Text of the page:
Bay Leaf Propagation/Storing

Discussion in 'Gardening & Plant Propagation' started by Sonshe, Jan 3, 2007.

  1. Sonshe

    Sonshe Well-Known Member

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    I was just given a huge Bay Leaf branch. If I cut off two of the small side branches, skin off the outer bark on the lower part, put the exposed area in rooting compound, and plant it, do you think it will root and grow?

    Can I just freeze the rest of the leaves instead of drying them?
     
  2. suburbanite

    suburbanite Well-Known Member

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    I don't know about freezing the leaves, but bay trees love water, so make sure you keep the soil moist.

    It should have a good chance of rooting--it is quite common to see bay trees that have been uprooted by winds, continuing to grow years later from the horizontal log which has sprouted both leafy shoots and roots along its length.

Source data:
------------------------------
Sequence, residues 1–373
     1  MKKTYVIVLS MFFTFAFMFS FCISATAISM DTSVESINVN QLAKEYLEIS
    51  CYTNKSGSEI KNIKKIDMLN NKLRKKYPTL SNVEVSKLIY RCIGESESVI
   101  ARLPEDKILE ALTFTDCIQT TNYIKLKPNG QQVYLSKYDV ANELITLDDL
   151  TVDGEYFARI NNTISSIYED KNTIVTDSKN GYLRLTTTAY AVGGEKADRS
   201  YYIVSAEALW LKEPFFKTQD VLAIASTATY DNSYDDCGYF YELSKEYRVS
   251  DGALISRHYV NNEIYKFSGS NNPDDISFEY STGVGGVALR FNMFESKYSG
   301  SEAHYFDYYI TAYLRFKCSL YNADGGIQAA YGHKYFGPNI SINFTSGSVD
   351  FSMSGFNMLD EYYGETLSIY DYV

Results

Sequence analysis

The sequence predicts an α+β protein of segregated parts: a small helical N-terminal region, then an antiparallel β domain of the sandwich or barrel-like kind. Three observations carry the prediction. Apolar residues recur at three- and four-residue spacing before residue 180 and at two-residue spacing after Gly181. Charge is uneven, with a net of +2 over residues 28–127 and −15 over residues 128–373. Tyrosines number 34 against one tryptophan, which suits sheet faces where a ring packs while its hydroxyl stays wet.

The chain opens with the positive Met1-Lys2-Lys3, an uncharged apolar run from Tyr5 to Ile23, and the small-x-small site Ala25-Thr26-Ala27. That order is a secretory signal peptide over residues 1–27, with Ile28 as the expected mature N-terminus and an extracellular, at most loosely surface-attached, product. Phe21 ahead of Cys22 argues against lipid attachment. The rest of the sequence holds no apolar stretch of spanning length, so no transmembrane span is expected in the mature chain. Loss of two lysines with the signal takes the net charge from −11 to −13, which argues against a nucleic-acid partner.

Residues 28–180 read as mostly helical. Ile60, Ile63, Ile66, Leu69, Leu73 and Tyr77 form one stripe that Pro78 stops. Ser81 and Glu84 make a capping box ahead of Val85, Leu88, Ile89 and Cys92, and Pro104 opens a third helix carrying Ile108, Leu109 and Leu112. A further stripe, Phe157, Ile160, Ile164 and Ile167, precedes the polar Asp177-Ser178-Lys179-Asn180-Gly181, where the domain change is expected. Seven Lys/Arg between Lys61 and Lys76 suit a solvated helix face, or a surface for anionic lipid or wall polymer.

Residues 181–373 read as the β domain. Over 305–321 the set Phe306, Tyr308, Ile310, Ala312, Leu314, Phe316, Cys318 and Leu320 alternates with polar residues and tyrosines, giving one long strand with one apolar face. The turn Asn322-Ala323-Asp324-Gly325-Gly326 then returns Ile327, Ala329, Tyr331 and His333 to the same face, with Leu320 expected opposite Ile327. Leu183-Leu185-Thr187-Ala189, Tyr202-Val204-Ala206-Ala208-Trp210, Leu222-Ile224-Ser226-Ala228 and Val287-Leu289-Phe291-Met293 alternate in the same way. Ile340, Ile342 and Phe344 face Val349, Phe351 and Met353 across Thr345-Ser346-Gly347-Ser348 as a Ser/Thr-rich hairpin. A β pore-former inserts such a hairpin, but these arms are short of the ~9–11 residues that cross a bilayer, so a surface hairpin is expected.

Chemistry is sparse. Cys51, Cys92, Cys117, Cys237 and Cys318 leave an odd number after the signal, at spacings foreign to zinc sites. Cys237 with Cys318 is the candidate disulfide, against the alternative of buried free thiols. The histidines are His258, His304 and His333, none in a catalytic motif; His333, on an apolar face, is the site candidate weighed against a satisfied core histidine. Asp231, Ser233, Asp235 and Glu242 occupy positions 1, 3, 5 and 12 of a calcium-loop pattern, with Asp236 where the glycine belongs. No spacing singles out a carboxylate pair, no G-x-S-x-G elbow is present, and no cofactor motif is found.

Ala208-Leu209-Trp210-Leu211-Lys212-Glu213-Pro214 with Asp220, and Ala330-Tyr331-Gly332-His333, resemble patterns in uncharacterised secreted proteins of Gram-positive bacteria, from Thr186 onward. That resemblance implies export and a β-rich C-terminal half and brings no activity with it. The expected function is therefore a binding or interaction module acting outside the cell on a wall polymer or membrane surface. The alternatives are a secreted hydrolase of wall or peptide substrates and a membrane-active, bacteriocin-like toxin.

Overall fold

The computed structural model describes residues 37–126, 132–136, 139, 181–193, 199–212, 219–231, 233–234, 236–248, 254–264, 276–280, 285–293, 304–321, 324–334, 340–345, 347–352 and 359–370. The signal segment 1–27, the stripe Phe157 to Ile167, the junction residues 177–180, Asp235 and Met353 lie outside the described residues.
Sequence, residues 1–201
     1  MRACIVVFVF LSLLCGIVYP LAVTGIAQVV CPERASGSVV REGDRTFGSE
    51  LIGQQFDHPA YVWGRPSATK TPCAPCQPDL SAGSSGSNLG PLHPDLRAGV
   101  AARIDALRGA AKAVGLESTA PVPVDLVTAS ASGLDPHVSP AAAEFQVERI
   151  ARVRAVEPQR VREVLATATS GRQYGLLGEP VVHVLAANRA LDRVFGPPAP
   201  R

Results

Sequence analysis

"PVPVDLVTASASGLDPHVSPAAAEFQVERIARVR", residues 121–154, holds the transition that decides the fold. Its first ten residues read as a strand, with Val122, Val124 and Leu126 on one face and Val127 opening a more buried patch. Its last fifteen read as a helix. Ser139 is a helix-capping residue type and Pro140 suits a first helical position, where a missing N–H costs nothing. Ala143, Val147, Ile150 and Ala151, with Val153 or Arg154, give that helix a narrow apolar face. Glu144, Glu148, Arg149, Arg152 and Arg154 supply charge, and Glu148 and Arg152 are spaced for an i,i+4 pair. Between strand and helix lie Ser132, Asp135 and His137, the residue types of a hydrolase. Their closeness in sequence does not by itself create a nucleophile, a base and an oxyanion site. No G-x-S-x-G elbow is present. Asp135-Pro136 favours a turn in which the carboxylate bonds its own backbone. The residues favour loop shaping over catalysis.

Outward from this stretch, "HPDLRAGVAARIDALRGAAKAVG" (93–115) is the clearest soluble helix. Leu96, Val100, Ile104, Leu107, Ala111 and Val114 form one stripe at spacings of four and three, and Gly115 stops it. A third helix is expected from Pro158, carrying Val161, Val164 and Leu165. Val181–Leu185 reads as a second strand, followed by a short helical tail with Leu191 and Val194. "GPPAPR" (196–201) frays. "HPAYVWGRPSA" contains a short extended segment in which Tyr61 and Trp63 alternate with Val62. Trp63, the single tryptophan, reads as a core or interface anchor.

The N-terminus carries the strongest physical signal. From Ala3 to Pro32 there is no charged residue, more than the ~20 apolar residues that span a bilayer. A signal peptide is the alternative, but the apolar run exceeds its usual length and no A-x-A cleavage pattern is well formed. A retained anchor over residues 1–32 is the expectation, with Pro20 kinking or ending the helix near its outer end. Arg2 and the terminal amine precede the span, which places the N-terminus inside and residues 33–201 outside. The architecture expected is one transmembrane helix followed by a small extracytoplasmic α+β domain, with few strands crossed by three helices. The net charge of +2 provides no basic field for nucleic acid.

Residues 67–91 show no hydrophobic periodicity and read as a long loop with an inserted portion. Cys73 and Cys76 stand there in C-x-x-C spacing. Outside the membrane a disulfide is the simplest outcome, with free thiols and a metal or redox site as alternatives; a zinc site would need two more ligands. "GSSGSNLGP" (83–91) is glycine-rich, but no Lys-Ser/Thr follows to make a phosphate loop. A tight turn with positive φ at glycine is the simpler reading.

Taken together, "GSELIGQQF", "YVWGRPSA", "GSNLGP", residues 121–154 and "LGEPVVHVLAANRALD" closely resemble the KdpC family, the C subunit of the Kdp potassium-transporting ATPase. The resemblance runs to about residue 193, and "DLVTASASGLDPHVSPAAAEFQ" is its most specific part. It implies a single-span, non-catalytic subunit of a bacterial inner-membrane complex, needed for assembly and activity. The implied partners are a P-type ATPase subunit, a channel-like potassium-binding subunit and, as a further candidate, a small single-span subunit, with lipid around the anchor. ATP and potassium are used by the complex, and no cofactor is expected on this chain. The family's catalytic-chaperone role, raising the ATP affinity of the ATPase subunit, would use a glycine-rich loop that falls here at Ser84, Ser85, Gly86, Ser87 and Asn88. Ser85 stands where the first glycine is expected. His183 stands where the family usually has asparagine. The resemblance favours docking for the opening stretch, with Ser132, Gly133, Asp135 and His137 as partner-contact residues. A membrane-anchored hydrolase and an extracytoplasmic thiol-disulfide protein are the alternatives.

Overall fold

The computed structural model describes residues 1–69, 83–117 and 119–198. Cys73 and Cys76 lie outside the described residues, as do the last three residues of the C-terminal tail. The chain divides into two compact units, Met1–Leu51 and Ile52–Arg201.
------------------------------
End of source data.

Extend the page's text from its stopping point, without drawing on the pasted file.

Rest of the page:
3. Paquebot

    Paquebot Well-Known Member

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    I doubt if you'd have any success doing that. If bay laurel were easy to propagate, everyone would have several plants. What is used for cuttings is the very end of the branches, the semi-hard portion where there are probably 5 or 6 leaves. Do not skin any bark, angle cut instead. The end 3 leaves are left on, stem dipped in rooting compound, then planted in a pot with 50/50 mix of sand and dirt. Whole works then covered with a clear plastic bag to assure never drying out. You may have roots as early as 3 months but more often 6 to 9 months before you know that there is growth. All contingent upon if they don't simply rot first. Best success I had was 3 out of 8.

    Martin
     
  4. suburbanite

    suburbanite Well-Known Member

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    Thanks Martin. I was just guessing based on what I'd seen with California Bay trees, which are a different species than the bay most commonly used for spice (though they taste identical, with the California variety being stronger).